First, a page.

Press release / 18 Sep 2019

Revealed: Del Monte Philippines' growers implicated in violent attacks against indigenous activists as attacks against land and environmental defenders escalate

New Global Witness investigation uncovers the connections between Del Monte Philippines, one of the world’s biggest and best-known fruit producing brands and major exporter to the United States, and a pineapple grower, local rancher and current Mayor Pablo Lorenzo III of Quezon, Bukidnon who activists suspect of ordering attacks on them.

  • The food and beverage company failed to identify historic land conflicts and maintained its agreement with Lorenzo despite violence against indigenous activists on his ranches, including the murder of Renato Anglao in 2017.
  •  The investigation follows recent revelations by Global Witness that another major agribusiness company - Dole Philippines - has been linked through its suppliers to allegations of fraud and coercion to remove indigenous people and make way for a banana plantation.

Wednesday 18th September 2019 – A new Global Witness investigation has revealed how Del Monte Philippines maintained an inappropriate business relationship with a Mayor in Bukidnon, Philippines. This Mayor is accused by local people of ordering attacks on protestors and threatening indigenous activist Renato Anglao prior to his unresolved murder.

In 2017 Renato Anglao, the secretary-general of TribalIndigenous Oppressed Group Association (TINDOGA), was shot dead after demanding local rancher and current mayor Pablo Lorenzo III return the community's land, which Lorenzo’s company – the Montalvan Ranch – was using for agribusiness plantations. Nobody has been prosecuted for the killing, in which Anglao was shot in the head while travelling home by motorcycle with his wife and five year old son.

The investigation reveals how for many years Del Monte Philippines had a business agreement with Pablo Lorenzo to grow pineapples for them.

They also employed him as a consultant, and renewed their contracts with him even after evidence of violence associated with his ranches came to light and a government commission backed community claims.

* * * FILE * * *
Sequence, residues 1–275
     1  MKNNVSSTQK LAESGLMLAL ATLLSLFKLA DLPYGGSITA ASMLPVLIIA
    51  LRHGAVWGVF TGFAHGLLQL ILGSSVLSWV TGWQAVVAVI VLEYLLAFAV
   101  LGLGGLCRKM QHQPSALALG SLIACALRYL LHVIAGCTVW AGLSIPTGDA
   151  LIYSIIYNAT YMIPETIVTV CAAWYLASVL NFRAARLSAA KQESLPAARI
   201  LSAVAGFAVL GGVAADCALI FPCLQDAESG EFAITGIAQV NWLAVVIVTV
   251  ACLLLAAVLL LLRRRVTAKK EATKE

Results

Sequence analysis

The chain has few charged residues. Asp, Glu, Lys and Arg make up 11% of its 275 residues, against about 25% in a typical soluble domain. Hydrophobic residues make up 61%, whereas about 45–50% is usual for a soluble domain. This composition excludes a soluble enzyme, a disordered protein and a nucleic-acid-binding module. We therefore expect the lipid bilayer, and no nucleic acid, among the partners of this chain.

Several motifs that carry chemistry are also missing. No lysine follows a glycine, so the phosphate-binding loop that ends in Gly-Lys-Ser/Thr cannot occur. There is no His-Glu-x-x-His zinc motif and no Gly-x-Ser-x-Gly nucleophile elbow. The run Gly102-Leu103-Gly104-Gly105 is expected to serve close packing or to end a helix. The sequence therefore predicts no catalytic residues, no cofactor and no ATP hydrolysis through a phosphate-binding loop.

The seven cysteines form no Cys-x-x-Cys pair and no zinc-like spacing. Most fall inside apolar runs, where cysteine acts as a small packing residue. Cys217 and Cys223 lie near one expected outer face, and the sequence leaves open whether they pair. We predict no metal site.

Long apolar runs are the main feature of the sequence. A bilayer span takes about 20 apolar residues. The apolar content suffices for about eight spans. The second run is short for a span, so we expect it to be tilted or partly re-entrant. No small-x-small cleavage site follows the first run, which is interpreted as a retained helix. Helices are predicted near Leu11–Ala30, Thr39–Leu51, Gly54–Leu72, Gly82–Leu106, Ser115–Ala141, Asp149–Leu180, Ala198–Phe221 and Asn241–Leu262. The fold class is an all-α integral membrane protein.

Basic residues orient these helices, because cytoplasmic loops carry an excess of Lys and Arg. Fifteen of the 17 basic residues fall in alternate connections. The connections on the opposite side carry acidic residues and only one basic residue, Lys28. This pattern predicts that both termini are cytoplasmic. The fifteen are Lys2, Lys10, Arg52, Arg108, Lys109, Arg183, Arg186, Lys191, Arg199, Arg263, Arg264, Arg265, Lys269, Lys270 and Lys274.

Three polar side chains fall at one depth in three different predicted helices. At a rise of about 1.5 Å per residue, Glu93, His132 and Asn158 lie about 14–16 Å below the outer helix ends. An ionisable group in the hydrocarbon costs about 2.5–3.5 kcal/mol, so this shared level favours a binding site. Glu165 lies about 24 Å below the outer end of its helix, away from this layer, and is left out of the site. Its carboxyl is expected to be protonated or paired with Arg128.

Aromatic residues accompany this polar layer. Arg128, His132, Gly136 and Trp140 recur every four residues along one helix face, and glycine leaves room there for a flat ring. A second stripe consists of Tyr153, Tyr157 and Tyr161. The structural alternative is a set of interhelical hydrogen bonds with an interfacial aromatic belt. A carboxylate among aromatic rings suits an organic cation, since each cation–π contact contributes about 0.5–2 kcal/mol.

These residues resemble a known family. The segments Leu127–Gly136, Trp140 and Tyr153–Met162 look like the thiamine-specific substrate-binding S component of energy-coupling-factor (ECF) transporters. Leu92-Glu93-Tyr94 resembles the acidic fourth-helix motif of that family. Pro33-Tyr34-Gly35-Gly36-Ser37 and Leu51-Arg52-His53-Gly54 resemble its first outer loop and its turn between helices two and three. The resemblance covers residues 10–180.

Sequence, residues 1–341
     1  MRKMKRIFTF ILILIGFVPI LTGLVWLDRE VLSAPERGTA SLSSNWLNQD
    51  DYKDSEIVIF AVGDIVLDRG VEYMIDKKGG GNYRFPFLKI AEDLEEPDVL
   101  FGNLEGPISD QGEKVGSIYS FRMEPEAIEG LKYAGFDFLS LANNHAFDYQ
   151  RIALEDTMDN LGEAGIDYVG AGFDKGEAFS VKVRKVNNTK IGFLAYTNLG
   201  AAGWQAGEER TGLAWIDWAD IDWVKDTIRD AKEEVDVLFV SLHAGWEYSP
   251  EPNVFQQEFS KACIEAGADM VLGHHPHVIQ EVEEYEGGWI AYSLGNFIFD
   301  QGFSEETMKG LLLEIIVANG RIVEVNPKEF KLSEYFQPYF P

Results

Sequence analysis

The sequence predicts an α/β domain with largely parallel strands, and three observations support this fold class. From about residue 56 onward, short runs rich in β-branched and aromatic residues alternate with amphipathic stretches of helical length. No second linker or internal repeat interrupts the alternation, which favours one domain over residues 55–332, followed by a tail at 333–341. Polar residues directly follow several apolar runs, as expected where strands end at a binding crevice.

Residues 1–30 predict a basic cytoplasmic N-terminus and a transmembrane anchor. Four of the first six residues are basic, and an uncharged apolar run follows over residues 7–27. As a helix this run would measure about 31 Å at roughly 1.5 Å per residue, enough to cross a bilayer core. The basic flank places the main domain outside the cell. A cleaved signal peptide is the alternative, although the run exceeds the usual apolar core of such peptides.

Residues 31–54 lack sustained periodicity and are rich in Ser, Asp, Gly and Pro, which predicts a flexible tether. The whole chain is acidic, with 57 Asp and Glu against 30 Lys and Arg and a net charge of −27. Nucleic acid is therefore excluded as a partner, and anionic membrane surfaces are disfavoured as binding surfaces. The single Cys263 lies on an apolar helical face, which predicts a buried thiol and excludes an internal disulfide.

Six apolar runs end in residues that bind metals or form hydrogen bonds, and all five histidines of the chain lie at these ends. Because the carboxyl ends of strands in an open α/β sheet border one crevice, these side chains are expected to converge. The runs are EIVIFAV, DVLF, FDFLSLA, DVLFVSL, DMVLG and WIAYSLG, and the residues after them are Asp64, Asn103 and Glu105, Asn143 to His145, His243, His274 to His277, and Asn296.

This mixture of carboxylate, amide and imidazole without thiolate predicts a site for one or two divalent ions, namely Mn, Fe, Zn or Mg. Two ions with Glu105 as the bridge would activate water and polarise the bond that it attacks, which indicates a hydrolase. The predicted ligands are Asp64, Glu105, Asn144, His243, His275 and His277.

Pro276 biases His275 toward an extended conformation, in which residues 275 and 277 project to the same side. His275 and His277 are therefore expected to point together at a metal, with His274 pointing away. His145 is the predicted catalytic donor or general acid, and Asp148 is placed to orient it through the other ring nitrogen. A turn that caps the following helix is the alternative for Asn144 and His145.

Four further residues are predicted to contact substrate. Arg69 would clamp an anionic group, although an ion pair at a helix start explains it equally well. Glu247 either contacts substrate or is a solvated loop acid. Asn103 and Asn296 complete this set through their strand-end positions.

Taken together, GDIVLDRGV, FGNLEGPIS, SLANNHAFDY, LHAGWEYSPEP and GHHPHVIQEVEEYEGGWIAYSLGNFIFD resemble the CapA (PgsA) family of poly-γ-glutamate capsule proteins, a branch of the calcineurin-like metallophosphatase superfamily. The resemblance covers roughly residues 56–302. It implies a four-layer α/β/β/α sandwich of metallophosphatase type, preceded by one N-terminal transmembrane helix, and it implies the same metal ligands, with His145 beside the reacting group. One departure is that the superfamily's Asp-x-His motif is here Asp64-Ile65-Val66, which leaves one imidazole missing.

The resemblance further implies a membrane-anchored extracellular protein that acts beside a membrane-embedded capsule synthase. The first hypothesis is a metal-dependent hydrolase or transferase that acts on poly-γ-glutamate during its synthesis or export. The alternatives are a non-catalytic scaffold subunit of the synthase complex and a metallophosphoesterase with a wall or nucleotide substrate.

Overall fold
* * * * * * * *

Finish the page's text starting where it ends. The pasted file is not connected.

This means they effectively failed to do adequate due diligence before and during entering into contracts with him and his company. Del Monte Philippines is a major exporter of pineapples to Del Monte Foods Inc in the United States. The company said it had moved to end the growership agreement when it discovered their supplier was also a public official but had never become aware of the community claims or violence.

The revelations follow a recent Global Witness report, which not only exposed that the Philippines was the country with the highest number of killings of land and environmental defenders in 2018, but that another major global agribusiness brand, Dole Philippines, has also been linked via its suppliers to allegations of fraud and coercion to remove indigenous people from a banana plantation in Mindanao.

Both stories highlight how international agribusiness companies are still not doing enough to avoid conflicts in their supply chains – particularly in countries like the Philippines, where laws on land and indigenous rights are often not enforced.

“As demonstrated by the allegations of corruption and violence around a nearby plantation run by global food giant Dole, this story surrounding Del Monte is, tragically, far from an exception: it shows that corporate greed is not being held to account in the Philippines, with those standing up and speaking out being silenced without consequence“ Global Witness Senior Campaigner Ben Leather said.

“It could not be clearer that international companies are still not carrying out proper due diligence to avoid conflicts in their supply chains – particularly in countries like the Philippines, where laws protecting land and indigenous rights are often not enforced. In spite of President Duterte’s promises to protect citizens from the abuses of vested interests, ‘business at all costs’ continues as usual, while those standing up for land rights and the environment are threatened and even killed,“ Leather added.

/ ENDS

Contacts

Heather Iqbal, Senior Communications Advisor

[email protected]

+44 (0) 20 7492 5890

Notes to editor:

  1. Interviews: Available on request. Please e-mail [email protected] to arrange.
  2. Video B-Roll & Photographs: Of the Dole Philippines case study highlighted in this press release can be found here.
  3.  A full briefing which goes into more detail on this case can be found here.

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